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Safety Guidelines for Vacuum Sealing Food

Posted on July 23 2018

Vacuum sealing food has taken this country by storm. The ability to divide and seal food in a low oxygen environment in order to prolong its freshness and storage time is a food prepper’s dream.

 

Vacuum sealing or ROP (Reduced Oxygen Packaging) slows down the process of spoilage by reducing atmospheric oxygen, and creates an anaerobic environment that limits the growth of aerobic bacteria or fungi, and prevents the evaporation of volatile components. Vacuum sealing can be used in combination with other packaging and food processing techniques, such as sous vide cooking.

 

Follow these guidelines to properly vacuum seal food:

  1. Be sure to keep utensils, cutting boards and counters clean.
  2. Ensure that you do not cross contaminate food.
  3. Wash hands before and during the vacuum sealing process.
  4. Try not to touch food with your hands. Use clean spoons, tongs or something else to handle the food.
  5. Properly label food sources with the type of food and date packaged.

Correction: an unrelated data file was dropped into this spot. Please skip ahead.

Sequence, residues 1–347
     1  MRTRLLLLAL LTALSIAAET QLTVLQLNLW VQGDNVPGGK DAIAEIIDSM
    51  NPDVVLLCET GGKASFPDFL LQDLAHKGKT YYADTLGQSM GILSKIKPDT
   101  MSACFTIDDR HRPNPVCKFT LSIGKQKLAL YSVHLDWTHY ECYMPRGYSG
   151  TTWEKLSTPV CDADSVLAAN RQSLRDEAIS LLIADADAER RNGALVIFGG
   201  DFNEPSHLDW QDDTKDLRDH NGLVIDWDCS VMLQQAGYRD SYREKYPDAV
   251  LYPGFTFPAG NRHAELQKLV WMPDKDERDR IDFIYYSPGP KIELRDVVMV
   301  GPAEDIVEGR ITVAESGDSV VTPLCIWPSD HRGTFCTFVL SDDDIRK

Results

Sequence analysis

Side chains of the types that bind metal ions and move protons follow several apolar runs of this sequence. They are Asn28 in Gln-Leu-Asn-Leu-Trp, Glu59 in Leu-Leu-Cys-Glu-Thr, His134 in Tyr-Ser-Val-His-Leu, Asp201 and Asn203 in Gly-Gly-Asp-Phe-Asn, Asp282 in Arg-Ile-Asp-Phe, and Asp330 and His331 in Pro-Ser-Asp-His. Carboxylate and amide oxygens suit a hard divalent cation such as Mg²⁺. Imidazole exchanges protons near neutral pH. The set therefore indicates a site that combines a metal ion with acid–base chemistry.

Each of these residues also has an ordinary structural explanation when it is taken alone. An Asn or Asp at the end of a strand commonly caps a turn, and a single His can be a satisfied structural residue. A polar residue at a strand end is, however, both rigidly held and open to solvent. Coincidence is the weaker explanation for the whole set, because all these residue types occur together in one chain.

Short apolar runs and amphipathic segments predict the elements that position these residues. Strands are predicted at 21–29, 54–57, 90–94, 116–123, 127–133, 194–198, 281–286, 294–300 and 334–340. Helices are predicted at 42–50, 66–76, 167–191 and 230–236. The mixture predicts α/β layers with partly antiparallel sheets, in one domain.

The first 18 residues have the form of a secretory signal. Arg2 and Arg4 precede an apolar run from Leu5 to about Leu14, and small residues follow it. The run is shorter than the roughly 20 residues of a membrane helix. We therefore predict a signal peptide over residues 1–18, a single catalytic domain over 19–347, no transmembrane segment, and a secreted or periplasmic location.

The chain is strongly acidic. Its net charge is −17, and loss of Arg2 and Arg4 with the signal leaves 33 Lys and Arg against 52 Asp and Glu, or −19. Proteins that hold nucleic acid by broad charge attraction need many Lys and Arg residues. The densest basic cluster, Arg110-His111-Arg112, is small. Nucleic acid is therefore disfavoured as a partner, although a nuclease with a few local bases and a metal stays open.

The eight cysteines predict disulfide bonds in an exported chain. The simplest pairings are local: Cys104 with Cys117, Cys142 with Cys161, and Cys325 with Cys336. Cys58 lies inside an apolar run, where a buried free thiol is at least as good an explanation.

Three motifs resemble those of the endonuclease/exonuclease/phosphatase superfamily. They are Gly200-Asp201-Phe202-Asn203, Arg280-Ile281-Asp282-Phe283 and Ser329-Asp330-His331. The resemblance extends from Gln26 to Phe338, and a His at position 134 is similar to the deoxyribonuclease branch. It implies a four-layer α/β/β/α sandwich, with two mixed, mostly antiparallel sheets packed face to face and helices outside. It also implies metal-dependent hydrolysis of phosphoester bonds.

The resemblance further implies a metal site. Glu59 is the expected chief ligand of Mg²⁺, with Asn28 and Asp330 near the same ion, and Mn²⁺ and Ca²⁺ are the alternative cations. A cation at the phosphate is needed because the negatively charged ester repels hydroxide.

6. Remember! Vacuum sealing food does not replace the need to pressure can or water bath home-canned foods.
  7. Keep vacuum-sealed foods in the refrigerator or freezer. Dry food, like crackers and nuts, can be stored at room temperature.
  8. Freeze low-acid vacuum packaged foods and consume immediately after heating. Never heat a low-acid vacuum packaged food and allow it to stand at room temperature in the vacuum package.
  9. Ensure the seal is complete and that there is no debris in the seal.
  10.  Always check the sealed food within 24 hours to make sure the items remained sealed. If unsealing occurs, reseal in a new, clean bag if necessary.

 

Vacuum packaging can be safe for food that is stored frozen. When frozen food is thawed, it is best to thaw in the refrigerator to slow microorganism growth. Perishable food being vacuumed-packed should not be out of refrigeration longer than 2 hours total time above 40 degrees for safety.

If you have taken proper steps in preparing your food in a clean and uncontaminated environment, then your vacuum sealed food should be safe from contamination and slow growing bacteria.

However, if there is any question about the safety of the food in which you are vacuum sealing, then err on the side of caution and do not vacuum pack the food, as you would be creating a perfect breeding ground for bacteria. We would prefer you then not vacuum seal the food at all for your safety.

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